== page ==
Recognition engine 204 can be any speech recognition system, proprietary or otherwise. In addition to the examples mentioned above; those in the art will appreciate the potential for the Sphinx 3 system or one of its derivatives, as disclosed at http://en.wikipedia.org/wiki/CMU_Sphinx. As noted above, recognition engine 204 is a robust, full-featured speech recognition engine, capable of sophisticated, reliable, and accurate speech recognition; it offers considerable advantages in coverage and accuracy when compared with speech recognition module 108 . The vocabulary and language data available for local recognition by embedded recognition module 108 is much more limited. In some embodiments, recognition engine 202 and embedded recognition module 108 will be close algorithmic variants of each other, and thus highly compatible. A weaker compatibility is also an option, so long as the scores generated by the two systems are comparable, perhaps after some scaling. One must be able to compare a score generated by recognition module 108 with a score generated by recognition engine 204 , enabling the client control module 106 to make a relative confidence judgment between the results of the recognition engine 204 and those of recognition module 108 .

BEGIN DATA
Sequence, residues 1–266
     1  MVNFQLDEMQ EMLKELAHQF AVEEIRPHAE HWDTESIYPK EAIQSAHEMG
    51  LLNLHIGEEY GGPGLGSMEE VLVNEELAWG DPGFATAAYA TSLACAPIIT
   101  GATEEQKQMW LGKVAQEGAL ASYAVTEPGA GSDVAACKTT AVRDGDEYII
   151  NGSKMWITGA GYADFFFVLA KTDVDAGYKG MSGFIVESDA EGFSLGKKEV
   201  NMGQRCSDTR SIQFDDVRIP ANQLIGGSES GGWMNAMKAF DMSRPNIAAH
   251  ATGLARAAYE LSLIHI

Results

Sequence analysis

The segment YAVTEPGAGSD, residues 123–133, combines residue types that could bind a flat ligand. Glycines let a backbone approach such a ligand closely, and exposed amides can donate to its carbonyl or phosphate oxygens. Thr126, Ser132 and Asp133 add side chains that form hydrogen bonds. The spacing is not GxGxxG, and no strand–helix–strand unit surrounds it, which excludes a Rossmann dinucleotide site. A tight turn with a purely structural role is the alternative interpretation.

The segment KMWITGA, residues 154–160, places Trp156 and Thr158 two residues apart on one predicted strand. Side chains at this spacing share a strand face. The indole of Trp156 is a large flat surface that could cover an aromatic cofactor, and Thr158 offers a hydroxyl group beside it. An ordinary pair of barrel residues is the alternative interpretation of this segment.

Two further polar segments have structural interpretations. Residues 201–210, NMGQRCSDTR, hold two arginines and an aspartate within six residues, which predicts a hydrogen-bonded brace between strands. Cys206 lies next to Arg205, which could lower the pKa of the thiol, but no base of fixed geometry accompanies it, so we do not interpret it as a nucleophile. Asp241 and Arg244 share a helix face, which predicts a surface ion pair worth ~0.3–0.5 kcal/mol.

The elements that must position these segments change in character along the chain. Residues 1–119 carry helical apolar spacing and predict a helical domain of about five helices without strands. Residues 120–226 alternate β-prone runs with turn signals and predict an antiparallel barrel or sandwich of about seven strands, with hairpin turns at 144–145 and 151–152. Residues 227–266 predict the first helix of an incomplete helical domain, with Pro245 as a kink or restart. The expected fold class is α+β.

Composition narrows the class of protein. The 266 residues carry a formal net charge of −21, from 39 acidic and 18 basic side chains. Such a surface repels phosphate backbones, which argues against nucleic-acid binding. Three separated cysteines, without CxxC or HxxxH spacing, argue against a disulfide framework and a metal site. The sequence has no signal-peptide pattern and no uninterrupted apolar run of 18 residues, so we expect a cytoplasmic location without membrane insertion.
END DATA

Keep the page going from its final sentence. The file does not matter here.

Server 202 and client device 102 are connected by way of one or more electronic communications networks. The connection path can be short and reliable, such as a Local Area Network. In other embodiments the connection between client device 102 and server 202 may have delays, or it may be available only intermittently.
 FIG. 2 sets out a flowchart for a method disclosed in connection with the present disclosure. In general, the method begins with the receipt of a communication including a spoken query from a user and terminates by providing a text output (or transcription) that matches the content of the spoken query. The following discussion will include hardware references to specific elements of the exemplary embodiment of FIG. 1A , but it should be understood that those references do not limit the apparatus to be used in connection with the method of FIG. 2 in any way.